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‘These are very dark days for women,’ says Green leader

May chides Tories over maternal health, refugee reform, HIV vaccine facility and crime agenda

Green Party leader Elizabeth May is unimpressed that the Conservative government has left the environment off the agenda for the G8 and G20 meetings coming up in June and has instead focused on a very narrow understanding of maternal and child health in the developing world.

“I think that some spin doctors over at Langevin thought ‘What would be a nice warm, fuzzy thing — like a blue sweater vest — to improve the Prime Minister’s ratings with the groups that don’t seem to warm to him, that would do well at the G8 and G20?'” May says. “And [they] thought maternal and child health…. They did this without thinking through the elements of any sensible agenda.”

May says that the debate’s focus on maternal and child health, while discounting access to legal and safe abortions for women in the developing world, misses the primary health care realities for those women. She’s also worried that NGOs that provide this care and advice are losing their government funding. She points to funding cuts at Match International, International Planned Parenthood and various women’s groups.

“So while Stephen Harper claims that he’s going forward to put maternal health and childcare on a top agenda item for Canada at the G8, we are cutting the funding to the Canadian NGOs that know how to deliver that assistance,” she says.

“These are very dark days for women or for any Canadian citizen who looks at our place in the world and wonders what are we saying to the rest of the world about what we care about.”

May says that the discussion over abortion in this country is polarizing and difficult to have.

“I know from experience, because my comments on abortion have been in the past distorted beyond recognition,” says May. “To make it really clear, I think the best way of describing this issue is the one summed up by former president Bill Clinton, who said abortions must be safe, legal and rare.”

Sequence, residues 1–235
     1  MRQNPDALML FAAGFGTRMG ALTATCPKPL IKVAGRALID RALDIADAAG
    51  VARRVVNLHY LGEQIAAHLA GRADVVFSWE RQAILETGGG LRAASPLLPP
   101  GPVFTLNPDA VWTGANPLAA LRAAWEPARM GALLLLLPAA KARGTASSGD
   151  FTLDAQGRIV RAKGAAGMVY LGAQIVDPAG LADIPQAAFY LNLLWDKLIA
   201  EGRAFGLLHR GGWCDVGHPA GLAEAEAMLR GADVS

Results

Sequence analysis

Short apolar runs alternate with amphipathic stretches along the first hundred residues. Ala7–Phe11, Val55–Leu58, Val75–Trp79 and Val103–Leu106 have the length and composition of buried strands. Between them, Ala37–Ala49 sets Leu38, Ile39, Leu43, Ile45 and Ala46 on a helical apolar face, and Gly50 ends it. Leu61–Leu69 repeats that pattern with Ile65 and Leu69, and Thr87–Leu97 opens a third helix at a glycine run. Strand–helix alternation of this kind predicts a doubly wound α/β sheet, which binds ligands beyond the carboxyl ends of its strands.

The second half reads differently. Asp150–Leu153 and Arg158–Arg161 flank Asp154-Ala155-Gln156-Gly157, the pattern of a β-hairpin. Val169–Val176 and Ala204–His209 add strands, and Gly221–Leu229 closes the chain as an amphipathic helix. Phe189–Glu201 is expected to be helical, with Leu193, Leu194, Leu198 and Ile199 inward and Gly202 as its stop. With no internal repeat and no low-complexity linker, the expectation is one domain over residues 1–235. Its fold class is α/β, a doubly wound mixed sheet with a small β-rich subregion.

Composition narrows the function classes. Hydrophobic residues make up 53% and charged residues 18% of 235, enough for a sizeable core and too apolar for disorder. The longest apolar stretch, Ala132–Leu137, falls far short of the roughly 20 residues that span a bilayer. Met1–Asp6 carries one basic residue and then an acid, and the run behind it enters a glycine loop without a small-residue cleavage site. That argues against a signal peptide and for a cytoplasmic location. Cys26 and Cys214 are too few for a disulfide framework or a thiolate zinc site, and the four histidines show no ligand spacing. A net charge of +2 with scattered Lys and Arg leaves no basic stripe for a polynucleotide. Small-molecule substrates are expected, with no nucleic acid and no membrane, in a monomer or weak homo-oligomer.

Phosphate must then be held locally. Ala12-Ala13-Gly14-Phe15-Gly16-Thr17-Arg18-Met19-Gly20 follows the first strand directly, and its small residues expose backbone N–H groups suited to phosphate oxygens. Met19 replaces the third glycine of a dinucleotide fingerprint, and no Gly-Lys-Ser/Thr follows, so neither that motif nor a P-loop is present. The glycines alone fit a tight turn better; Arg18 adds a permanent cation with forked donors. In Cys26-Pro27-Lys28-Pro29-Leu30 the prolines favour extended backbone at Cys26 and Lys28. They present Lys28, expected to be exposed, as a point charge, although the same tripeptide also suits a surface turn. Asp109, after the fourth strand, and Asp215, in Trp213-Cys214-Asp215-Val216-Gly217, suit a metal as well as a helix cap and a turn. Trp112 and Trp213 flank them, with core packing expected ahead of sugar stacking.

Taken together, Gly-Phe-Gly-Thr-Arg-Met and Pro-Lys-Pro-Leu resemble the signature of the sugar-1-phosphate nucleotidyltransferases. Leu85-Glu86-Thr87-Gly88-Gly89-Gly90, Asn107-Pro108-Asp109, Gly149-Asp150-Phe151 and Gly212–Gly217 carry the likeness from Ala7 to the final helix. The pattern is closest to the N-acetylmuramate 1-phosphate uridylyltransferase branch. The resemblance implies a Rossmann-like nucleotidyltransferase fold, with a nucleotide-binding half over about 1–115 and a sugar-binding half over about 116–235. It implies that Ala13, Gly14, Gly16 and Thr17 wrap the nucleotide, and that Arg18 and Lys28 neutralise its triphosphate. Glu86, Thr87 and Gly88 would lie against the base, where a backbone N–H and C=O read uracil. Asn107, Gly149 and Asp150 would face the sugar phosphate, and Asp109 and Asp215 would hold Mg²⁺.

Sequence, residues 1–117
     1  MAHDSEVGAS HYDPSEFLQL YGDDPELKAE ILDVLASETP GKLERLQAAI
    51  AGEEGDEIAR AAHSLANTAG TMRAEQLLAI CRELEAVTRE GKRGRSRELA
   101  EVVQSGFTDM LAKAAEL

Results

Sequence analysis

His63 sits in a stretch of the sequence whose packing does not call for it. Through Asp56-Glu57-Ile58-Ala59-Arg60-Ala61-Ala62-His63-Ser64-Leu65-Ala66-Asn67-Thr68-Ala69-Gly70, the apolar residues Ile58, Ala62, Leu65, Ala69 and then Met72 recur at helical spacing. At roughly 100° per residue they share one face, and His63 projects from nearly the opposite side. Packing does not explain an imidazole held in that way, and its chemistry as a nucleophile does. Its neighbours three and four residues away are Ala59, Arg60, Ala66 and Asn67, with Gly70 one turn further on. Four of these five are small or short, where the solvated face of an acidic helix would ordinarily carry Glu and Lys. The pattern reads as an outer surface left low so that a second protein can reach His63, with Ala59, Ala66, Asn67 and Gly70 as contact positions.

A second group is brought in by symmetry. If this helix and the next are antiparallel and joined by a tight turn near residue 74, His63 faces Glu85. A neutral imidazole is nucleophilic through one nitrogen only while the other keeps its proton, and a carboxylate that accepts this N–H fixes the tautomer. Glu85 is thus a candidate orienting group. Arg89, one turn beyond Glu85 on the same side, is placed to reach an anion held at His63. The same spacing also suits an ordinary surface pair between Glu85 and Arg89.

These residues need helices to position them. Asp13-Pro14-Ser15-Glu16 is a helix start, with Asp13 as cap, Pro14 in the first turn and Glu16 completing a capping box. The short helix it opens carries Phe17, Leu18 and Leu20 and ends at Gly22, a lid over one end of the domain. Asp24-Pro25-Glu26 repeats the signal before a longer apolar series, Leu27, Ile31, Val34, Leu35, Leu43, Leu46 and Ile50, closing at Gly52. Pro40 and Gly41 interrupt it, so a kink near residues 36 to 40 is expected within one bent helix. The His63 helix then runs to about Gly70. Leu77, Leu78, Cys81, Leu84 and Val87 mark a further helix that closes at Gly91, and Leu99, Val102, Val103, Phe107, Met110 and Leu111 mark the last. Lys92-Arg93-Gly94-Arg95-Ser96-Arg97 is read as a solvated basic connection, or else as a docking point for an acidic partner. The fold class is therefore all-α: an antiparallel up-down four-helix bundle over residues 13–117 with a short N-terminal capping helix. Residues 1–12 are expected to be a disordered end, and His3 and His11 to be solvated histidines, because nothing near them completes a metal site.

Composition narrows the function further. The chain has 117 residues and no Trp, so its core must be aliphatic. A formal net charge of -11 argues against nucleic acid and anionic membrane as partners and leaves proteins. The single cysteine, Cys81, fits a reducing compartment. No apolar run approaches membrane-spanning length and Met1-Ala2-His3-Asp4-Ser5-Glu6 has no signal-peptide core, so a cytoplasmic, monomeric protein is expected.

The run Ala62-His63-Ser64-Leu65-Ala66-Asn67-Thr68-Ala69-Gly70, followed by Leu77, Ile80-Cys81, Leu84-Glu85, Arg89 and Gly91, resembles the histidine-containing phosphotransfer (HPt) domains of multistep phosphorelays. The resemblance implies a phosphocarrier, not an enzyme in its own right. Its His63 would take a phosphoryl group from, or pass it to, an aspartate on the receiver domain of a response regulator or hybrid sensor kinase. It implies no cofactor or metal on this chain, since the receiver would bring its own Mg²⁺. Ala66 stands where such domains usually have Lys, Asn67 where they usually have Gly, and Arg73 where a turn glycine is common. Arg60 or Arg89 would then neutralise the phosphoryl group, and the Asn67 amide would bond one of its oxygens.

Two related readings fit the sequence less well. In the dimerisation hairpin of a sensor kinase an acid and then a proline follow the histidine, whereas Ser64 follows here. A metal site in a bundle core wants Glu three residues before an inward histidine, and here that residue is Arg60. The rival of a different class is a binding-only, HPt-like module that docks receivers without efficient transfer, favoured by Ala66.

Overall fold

May is also critical of other aspects of the government’s agenda. On the topic of the costs of the government’s tough-on-crime legislation, May is unequivocal.

“It’s not tough on crime,” says May, adding that there are better ways of addressing the issue. “Those billions of dollars are much better spent on early childhood education, alleviating poverty, ensuring that there’s programs that keep kids busy and active — a whole range of things that the tough-on-crime agenda doesn’t even begin to touch.”

May also levels criticism at the government over the “safe country of origin” provisions in the refugee reform bill. Critics are concerned that the “safe country” proposal will limit the appeal process for queer refugee claimants.

“We don’t think that there is such a thing as a safe country of origin,” says May. “If you have a credible case — and your case has to be tested — of legitimate concern for prosecution, for persecution, for your own safety, no matter what your country of origin is, if you don’t feel you can return there safely, then that case needs to be heard.”

And finally, on the topic of the cancellation of the Canadian HIV Vaccine Initiative (CHVI) production facility in Winnipeg, May is calling for the funding to be restored and the facility built.

“The science indicates that it’s needed, and certainly those are people that have a good track record,” says May. “It’s also a way of maintaining and keeping some of the best minds in Canada when that kind of research and that kind of production facility is located in Winnipeg.”